Bill Christian went for his first colonoscopy in 2014. He was 53 and had noticed blood in his stool, which prompted him to see his doctor. His colonoscopy revealed that he had stage III colon cancer, and his doctor in Elmira referred him to Wilmot Cancer Institute.
At Wilmot, Bill met medical oncologist Mohamed Tejani, M.D., who told him about a clinical trial evaluating chemotherapy and surgery without radiation therapy. Because radiation is often given daily for a period of time, the option appealed to Bill, who lives in Painted Post, about 100 miles from Rochester.
He enrolled in the clinical trial and started chemotherapy, driving to Wilmot for his infusions every two weeks for 12 weeks. After his infusions, he would have two days of a slow drip at home. Although he experienced some side effects, such as tingling and numbness in his fingers and toes, he was able to continue working.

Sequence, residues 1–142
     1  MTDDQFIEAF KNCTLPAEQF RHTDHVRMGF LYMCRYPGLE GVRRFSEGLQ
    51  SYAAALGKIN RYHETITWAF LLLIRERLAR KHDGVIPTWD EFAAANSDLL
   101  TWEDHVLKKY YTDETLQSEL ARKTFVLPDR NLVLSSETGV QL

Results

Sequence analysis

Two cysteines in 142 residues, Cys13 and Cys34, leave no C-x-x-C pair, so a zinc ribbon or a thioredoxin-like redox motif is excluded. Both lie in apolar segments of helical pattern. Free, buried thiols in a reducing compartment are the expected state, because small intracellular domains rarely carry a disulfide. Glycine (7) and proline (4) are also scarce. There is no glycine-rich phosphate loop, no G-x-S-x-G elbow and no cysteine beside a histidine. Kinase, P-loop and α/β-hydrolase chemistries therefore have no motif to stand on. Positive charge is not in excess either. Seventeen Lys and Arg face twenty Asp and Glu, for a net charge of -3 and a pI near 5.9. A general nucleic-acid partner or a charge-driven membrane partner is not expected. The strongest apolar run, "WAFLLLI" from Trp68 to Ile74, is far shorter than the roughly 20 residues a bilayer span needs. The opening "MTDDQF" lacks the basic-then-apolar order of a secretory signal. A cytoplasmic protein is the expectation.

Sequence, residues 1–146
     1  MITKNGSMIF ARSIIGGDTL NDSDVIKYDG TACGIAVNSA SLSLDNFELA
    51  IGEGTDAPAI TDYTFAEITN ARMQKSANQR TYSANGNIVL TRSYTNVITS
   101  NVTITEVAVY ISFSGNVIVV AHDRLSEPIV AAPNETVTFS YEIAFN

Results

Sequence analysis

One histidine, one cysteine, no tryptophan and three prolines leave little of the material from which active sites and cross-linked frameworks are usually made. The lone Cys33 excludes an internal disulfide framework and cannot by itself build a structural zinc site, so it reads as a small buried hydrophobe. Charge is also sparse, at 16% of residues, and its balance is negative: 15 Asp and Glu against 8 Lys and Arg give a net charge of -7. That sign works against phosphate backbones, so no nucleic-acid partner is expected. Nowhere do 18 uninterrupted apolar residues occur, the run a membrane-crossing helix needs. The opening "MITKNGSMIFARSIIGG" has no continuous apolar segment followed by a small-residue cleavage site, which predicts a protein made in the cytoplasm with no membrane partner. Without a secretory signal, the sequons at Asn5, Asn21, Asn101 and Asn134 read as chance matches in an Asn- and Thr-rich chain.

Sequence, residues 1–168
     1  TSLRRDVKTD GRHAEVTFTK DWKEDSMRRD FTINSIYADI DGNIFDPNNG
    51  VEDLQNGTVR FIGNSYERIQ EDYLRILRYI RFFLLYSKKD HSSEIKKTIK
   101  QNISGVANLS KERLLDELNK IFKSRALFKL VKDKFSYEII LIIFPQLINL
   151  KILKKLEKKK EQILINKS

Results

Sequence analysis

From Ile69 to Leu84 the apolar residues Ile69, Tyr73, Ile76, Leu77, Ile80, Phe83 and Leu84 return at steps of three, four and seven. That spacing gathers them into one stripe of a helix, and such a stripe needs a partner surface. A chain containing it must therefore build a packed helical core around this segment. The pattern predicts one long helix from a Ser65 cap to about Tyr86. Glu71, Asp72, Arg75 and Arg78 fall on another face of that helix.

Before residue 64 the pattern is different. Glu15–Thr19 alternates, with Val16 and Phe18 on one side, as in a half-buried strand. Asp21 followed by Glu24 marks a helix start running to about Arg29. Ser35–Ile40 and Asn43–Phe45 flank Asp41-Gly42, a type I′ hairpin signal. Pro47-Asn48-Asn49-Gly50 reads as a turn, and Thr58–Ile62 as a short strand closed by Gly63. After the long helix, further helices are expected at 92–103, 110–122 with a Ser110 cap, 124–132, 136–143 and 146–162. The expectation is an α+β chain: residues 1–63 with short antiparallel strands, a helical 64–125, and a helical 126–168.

The goal was to shrink his tumor by at least 20 percent so he could be eligible for surgery. His tumor shrank by about 80 or 90 percent.
In February 2015, Bill had surgery, which removed 2 feet of his lower intestines, and was in the hospital for 13 days. He had planned to have the tumor tested for any genetic mutations, but there was nothing left of the tumor to test.
Over the next few months, Bill had a temporary ostomy while his incisions healed, and he underwent another round of chemotherapy to wipe out any microscopic cancer that may have been left behind. Today, Bill continues to do well and he is thankful for the care he received at Wilmot and the University of Rochester Medical Center.
“The people were so knowledgeable and so good. Even the students had a light, delicate touch,” he says. “They were very human. That was the best part of the whole thing. They celebrated with me. They were happy with me, but there’s great science behind all this obviously. Every step of the way, they told me in advance what to expect and everything they said is exactly what happened.”
Since his diagnosis, he’s learned a few of his relatives had colon cancer, something he hadn’t realized before. His own diagnosis helped encourage members of his family to get their colonoscopies, and his children know to have them done earlier than age 50 because of their family history.